Saturday, August 25, 2007

Productive Tension

One of the many elements of Dorothy Heathcote's Mantle of the Expert approach that can inspire all sorts of lessons, not just those which utilize drama-for-learning methods, is her concept of productive tension.

Heathcote identifies levels of engagement in process drama activities in the classroom, that might be worth considering for learning activities in general. The levels are


Productive obsession--how often do our lesson plans engage our students to this level?

This idea of productive obsession reminds me of Mihaly Csikszentmihalyi's ideas of flow pronounced in his book Flow: The Psychology of Optimal Experience. In his Introduction this concept is described:

The optimal state of inner experience is one in which there is order in
consciousness. This happens when psychic energy--or attention--is invested
in realistic goals, and when skills match the opportunities for action. "Flow"
is the way people describe their state of mind when consciousness is harmoniously
ordered, and they want to pursue whatever they are doing for its own sake.
It seems much of school is managing to bring students to the level of attention and sometimes interest. Surely, the power of educational drama is a great means by which to deepen students' engagement.
But we can't always be in a drama process. The challenge is to devise lessons that are so relevant to students that the levels of involvement, concern, and commitment are reached and then the level of productive obsession hoped for.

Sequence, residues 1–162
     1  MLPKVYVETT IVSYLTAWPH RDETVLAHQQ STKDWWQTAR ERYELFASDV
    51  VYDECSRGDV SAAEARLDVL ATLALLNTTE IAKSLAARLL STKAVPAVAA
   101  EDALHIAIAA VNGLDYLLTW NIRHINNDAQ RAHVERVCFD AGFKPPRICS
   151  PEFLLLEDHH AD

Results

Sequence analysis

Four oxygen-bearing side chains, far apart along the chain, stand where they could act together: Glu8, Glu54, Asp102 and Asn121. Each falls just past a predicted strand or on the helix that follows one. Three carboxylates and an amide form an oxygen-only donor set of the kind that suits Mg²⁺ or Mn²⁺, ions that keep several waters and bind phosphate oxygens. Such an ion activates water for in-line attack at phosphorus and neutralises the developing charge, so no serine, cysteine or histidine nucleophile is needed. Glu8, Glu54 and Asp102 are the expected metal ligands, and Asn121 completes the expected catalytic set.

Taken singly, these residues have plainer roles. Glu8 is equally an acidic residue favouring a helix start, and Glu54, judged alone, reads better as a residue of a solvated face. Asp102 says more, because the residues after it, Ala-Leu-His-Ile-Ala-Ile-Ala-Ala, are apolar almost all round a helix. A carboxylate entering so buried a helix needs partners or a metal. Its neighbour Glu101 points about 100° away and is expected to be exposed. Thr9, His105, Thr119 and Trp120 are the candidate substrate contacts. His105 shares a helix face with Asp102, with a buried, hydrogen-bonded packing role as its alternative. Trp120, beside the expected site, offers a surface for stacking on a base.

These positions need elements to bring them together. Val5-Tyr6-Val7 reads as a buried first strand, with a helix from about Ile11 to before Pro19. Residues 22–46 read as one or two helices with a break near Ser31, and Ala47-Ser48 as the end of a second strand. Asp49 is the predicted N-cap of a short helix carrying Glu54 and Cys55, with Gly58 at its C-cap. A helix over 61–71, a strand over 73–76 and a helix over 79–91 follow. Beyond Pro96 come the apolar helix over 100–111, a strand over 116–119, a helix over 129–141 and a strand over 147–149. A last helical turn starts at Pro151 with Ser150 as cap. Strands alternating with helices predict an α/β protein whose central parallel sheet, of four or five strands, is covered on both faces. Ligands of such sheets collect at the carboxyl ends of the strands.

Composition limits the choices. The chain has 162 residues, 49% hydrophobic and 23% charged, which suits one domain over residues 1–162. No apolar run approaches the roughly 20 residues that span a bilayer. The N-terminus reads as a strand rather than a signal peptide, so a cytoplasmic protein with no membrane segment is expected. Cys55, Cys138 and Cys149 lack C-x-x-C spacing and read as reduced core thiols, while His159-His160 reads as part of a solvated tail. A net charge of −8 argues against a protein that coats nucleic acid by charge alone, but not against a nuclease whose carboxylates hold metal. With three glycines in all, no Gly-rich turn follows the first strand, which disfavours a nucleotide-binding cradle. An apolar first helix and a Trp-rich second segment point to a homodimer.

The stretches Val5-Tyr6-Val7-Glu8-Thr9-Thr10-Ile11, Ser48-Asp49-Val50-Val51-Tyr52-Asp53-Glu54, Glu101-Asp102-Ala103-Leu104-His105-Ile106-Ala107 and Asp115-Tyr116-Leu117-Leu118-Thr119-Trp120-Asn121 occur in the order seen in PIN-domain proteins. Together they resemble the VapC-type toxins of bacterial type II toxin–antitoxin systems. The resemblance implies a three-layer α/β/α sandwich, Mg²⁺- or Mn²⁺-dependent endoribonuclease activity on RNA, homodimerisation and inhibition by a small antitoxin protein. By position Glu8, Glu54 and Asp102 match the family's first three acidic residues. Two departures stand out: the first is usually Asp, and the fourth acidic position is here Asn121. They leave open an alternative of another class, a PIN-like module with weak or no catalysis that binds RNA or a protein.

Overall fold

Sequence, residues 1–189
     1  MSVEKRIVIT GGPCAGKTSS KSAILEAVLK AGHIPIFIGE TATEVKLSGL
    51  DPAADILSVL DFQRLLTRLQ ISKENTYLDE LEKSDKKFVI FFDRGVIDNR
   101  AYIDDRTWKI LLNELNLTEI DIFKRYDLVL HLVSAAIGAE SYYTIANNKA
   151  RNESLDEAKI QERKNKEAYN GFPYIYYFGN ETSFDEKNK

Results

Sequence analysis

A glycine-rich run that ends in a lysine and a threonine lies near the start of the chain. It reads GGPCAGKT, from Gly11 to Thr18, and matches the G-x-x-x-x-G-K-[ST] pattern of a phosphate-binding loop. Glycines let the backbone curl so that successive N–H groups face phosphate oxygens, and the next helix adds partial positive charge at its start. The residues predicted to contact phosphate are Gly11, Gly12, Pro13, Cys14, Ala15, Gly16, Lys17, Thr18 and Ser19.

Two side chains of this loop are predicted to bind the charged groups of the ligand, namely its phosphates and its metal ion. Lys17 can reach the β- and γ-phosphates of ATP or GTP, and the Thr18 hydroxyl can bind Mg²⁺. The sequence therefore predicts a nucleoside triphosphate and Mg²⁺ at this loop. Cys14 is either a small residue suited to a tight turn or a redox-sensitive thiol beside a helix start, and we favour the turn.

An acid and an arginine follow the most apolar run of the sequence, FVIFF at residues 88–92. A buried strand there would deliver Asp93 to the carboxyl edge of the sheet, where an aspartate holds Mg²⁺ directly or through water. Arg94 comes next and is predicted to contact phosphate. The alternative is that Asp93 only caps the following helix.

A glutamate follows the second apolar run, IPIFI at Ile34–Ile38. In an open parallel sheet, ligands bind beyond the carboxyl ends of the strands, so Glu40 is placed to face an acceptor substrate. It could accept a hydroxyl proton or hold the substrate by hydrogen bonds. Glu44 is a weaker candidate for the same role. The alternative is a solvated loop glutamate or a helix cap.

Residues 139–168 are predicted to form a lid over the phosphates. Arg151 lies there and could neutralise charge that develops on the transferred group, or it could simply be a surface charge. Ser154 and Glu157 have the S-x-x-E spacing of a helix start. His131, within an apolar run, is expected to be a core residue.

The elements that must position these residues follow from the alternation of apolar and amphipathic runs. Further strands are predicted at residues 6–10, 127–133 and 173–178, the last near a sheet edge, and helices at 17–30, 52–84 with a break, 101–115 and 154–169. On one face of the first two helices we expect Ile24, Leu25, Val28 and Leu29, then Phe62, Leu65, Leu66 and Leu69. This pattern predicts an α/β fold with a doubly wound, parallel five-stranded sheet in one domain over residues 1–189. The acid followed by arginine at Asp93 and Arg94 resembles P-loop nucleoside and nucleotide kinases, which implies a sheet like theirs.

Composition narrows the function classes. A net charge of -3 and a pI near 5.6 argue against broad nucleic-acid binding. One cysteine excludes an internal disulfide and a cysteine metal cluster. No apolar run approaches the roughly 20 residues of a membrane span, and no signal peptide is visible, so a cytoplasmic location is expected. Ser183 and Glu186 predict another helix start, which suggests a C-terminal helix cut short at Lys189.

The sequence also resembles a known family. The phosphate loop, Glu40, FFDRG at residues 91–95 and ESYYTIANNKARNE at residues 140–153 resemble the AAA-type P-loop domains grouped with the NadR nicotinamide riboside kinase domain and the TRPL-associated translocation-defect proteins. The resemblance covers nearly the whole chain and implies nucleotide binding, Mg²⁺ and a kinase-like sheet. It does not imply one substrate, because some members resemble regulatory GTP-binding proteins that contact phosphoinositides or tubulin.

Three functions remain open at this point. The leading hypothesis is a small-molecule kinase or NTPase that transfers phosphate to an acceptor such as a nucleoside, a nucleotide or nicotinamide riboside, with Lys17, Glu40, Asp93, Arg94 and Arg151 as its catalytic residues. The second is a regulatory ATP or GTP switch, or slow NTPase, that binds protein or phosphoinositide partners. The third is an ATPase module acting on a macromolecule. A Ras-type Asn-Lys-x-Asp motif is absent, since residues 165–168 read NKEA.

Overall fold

Monday, August 13, 2007

Battery Recharge #2: A Li'l PD

Personally, this has been one of the toughest summers for relaxing. Not to bore you with the number of homestead projects (painting, gardening, fixing, fixing, fixing, and a guerrilla war on some surreptitious carpenter ants) or the number of academic ones (lecture presentations, editing textbooks, and curriculum writing), let's just say I'm not getting much of a tan.

Still when I had the chance to work for three days in "A Seminar with Dorothy Heathcote" at The Ohio State University's Department of Teaching and Learning, I backed my bags and headed for Columbus and some professional development in the realms of process drama and "mantle of the expert." Dorothy Heathcote, internationally renowned for pioneering work in educational applications of drama, is indefatigable as she is inspirational. Three days running at on hot August days at OSU, after a week at my alma mater NYU, she was raring to go as the forty of us students were ready for our naps.

I've been using process drama for the past 14 years and have always wanted to know more from the grand dam herself. Indeed it was a very worthwhile trip . . . and will take some time to make sense of the whirlwind of ideas and stories and structures shared.

Before I sift through my notes and recordings, I want to simply pause to reflect on how different the worlds of dramacraft and I.T. are. One as ancient as the first story, one momently emerging. Yet, imagine the mashups that could come about in putting the two together!--as students can not only capture their dramatic expression in media but also share them in a vast forum. Moving from the very private integral audience of process drama outward to product. Indeed their are possibilities, but I am wary of the price to be paid of moving in that direction necessarily. Some things are better--indeed precious--when left unpublished. Process drama might be one of them.

This leads me to weigh other processes, such as the writing process, and in fact, the learning process. Sometimes publishing process means a tombstone or albatross.

P.S. When I titled this, I meant PD as in professional development. But I suppose "process drama" works, too. PD on pd.